Oscillating Reactions

The autocatalytic and or inhibitory reactions are also the key components of nonbiological reaction-diffusion systems producing chemical waves and Turing patterns (cf. Chapter 1). Before we see in Chapter 9 how these fascinating phenomena emerge from the coupling between 'looped' chemical transformations and diffusion, we will first discuss their chemical kinetic component, which gives rise to temporal concentration oscillations in the absence of diffusive flows. A closed chemical system (i.e.,...

Autocatalysis Cooperativity And Feedback

Not all chemical reactions progress linearly from substrates to products - some can literally loop onto themselves and either speed up or slow down their own progress. In autocatalytic reactions, products accelerate the reaction. As an example, consider a simple reaction A + B 2B, with rate law d A dt k A B .3,4 Noting that A 0 A B B 0 and defining x A , we obtain B A 0 + B 0 A A 0 + B 0 x. After substitution, the rate law becomes dx dt kx( A 0 + B 0 x), which can be integrated to give A 0 + B...

Governing Equations

Consider an ionic reaction of the form nAm + + mB C. Diffusion of the ions through the gel is described by diffusion coefficients DA and DB, and rapid formation of C occurs when the product of concentrations A B m exceeds the solubility product, Ksp. The created C molecules, however, do not immediately precipitate but are instead free to diffuse (with diffusion coefficient DC) until their local concentration reaches some saturation threshold C *. At that point, nucleation occurs followed by...

Case 1 tRxn tDiff

When reaction and diffusion take place on similar time scales or when diffusion is faster (i.e., its characteristic time, tDiff, is smaller than that of reaction, tRxn), one may treat the processes simultaneously, using time discretization and integration methods appropriate for diffusion problems. 4.4.1.1 Forward time centered space (FTCS) differencing In the simplest numerical approach, the RD equations may be solved by replacing the time derivative by its forward difference approximation and...

Solving Diffusion Equations

Mathematically, Equation 2.8 is a second-order partial differential equation PDE , whose general solutions can be found by several methods. As with every PDE, however, the knowledge of a general solution is not automatically equivalent to solving a physical problem of interest. To find the 'particular' solution describing a given system e.g., our test tube , it is necessary to make the general solution congruent with the boundary and or initial conditions. By matching the general solution with...

Reactions And Rates

Now that the reader is a seasoned expert on diffusion, it is time to explore the world of reactions. As already discussed in Chapter 2, molecules are very dynamic entities, constantly moving and colliding with their neighbors. This 'aggressive' behavior is the basis for chemical reactions, and if the energy supplied by the colliding molecules is enough to break their bonds, they can combine to give new products. Chemical kinetics links these microscopic collisions to the macroscop-ically...

Self Assembly of Open Lattice Crystals

Leaving other fabrication schemes and applications of individual particles to the creative reader, let us consider the collections of such CSPs. The opportunity here is to combine RD particle fabrication with self-assembly10,11 - that is, the process by which discrete components organize without any human intervention into ordered and or functional suprastructures. The unique feature of CSPs is that their self-assembly leads to structures in which the cores are separated from one another and...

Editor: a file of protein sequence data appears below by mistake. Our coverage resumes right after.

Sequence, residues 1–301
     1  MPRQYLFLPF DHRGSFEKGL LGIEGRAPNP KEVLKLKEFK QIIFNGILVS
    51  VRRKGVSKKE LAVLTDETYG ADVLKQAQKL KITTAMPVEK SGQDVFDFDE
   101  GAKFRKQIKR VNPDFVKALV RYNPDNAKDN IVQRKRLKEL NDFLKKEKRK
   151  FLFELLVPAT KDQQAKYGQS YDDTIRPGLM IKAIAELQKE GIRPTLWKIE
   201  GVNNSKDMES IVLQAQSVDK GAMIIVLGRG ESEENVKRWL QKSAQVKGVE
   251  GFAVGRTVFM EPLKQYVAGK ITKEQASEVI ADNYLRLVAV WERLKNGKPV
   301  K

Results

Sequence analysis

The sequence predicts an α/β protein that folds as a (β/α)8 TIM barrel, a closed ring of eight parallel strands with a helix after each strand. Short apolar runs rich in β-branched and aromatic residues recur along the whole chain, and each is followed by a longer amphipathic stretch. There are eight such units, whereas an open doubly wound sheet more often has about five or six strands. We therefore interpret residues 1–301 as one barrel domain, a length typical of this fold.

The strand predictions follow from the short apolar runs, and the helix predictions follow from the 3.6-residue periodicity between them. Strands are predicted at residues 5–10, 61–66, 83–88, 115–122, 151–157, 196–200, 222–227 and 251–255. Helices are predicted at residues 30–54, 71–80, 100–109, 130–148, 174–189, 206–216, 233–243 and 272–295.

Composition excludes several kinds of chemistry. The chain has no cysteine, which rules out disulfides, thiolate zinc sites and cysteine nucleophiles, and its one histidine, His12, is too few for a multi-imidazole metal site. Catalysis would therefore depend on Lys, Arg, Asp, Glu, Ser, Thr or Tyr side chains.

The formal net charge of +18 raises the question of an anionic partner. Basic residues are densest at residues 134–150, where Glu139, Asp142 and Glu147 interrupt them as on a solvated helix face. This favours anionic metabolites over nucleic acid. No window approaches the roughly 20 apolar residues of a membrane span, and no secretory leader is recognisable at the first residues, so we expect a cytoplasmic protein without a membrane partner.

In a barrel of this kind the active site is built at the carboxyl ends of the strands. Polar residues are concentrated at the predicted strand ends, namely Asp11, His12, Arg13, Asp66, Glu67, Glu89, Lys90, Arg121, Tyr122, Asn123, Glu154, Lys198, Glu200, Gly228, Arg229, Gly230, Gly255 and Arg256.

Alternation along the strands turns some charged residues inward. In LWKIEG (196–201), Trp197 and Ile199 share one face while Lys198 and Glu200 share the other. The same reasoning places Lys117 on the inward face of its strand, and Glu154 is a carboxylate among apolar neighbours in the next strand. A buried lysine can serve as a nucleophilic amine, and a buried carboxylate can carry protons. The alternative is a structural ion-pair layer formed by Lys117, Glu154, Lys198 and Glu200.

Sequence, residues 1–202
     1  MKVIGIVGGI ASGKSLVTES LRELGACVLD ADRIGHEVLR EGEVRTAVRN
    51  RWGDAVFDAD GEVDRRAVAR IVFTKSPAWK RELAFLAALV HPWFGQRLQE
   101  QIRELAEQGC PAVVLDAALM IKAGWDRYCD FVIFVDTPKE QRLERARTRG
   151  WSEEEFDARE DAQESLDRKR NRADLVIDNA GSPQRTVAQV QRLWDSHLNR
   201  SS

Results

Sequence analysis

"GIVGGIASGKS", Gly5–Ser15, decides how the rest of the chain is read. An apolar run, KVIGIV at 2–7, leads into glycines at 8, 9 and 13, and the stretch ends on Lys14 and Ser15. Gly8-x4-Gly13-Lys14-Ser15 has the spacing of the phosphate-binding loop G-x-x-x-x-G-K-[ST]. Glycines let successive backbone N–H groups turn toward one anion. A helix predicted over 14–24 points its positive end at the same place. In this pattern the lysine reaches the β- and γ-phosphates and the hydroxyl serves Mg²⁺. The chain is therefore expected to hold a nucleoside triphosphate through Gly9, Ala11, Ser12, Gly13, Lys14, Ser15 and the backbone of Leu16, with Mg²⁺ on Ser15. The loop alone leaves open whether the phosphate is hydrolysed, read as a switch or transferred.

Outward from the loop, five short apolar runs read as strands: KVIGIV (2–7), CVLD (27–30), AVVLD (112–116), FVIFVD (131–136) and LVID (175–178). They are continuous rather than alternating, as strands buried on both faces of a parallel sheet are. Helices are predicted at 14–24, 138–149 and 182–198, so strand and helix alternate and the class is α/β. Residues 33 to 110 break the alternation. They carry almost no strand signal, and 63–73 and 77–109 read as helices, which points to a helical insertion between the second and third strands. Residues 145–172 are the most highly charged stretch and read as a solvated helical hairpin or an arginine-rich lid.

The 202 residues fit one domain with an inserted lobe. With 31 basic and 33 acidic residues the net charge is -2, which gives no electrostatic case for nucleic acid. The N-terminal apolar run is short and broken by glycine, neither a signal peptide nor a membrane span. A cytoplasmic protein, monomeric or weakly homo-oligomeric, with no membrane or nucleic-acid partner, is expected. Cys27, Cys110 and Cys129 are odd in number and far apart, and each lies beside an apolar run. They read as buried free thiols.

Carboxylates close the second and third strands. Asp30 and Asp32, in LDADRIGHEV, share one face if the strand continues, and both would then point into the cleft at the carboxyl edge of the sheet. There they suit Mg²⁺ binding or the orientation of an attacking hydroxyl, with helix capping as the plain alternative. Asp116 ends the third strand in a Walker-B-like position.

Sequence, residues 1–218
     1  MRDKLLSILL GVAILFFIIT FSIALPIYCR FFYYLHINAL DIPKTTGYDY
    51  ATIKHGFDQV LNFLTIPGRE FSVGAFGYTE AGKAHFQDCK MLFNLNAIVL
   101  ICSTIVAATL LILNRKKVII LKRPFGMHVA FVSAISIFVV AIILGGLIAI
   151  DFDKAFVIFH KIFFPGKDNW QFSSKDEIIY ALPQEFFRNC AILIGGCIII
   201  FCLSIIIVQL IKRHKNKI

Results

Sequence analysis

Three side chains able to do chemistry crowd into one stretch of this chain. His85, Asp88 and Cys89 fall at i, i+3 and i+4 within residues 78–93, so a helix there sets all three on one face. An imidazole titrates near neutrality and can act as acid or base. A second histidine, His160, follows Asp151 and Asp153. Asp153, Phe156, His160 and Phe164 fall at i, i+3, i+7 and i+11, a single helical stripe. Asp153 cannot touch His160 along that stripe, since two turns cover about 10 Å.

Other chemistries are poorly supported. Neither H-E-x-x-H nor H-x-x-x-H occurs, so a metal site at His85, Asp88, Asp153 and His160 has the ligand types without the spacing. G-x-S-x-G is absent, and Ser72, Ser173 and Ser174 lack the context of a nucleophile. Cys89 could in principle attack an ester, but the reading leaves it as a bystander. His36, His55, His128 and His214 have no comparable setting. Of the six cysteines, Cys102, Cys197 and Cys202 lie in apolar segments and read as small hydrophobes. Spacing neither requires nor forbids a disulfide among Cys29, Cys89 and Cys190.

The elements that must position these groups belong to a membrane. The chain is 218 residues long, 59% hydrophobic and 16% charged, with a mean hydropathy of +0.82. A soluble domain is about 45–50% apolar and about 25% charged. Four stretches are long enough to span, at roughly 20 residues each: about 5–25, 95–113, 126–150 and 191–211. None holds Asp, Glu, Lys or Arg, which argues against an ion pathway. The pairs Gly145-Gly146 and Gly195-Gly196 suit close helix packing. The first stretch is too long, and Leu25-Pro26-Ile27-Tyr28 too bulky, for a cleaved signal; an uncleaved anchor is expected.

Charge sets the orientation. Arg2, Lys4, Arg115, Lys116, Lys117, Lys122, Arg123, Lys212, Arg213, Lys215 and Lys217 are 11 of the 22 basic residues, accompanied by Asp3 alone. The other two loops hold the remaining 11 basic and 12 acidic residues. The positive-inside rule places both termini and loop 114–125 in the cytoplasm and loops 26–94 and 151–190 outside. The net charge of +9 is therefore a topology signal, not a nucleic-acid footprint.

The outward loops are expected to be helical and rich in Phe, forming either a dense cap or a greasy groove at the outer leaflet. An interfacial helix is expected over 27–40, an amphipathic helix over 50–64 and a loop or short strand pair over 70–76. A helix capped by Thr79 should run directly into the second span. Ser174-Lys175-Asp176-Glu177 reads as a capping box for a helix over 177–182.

Galvanic Replacement And Dealloying Reactions At The Nanoscale Synthesis Of Nanocages

As mentioned at the end of the previous section, one of the major uses of hollow metal nanoparticles is in optical detection.21 Due to their small sizes, metal nanoparticles have optical properties very different than those of the corresponding bulk metals - for instance, 5 nm particles of gold are red violet whereas silver particles appear yellow orange. These colors result from the confinement of the electrons within the metal NPs and from collective electron motions - known as surface...

References

Chu, L.Y., Utada, A.S., Shah, R.K. et al. 2007 Controllable monodisperse multiple emulsions. Angew. Chem. Int. Ed., 46, 8970. 2. Pekarek, K.J., Jacob, J.S. and Mathiowitz, E. 1994 Double-walled polymer microspheres for controlled drug-release. Nature, 367, 258. 3. Kim, S.H., Jeon, S.J. and Yang, S.M. 2008 Optofluidic encapsulation of crystalline colloidal arrays into spherical membrane. J. Am. Chem. Soc., 130, 6040. 4. Nguyen, D., Chambon, P., Rosselgong, J. et al. 2008 Simple route to get...

Microetching Transparent Conductive Oxides Semiconductors and Crystals19

Etching micropatterns in transparent conducting oxides such as indium-tin oxide ITO or zinc oxide ZnO and in semiconductors e.g., GaAs is of great importance for the fabrication of optoelectronic devices ITO electrodes , sensors and on-chip UV lasers ZnO , as well as integrated circuits, solar cells and optical switches GaAs . Since all of these applications rely on the ability to define pertinent microscopic architectures, a variety of methods have been developed to micropattern these...

List of Boxed Examples

2.1 Unsteady Diffusion in an Infinite Tube 30 2.2 Unsteady Diffusion in a Finite Tube 31 2.3 Is Diffusion Good for Drug Delivery 37 2.4 Random Walks and Diffusion 42 3.1 More Than Meets the Eye Nonapparent Reaction Orders 46 3.2 Sequential Reactions 49 4.1 How Diffusion Betrayed the Minotaur 68 4.2 The Origins of the Galerkin Finite Element Scheme 74 4.3 How Reaction-Diffusion Gives Each Zebra Different Stripes 89 6.1 A Closer Look at Gel Wetting 106 6.2 Is Reaction-Diffusion Time-Reversible...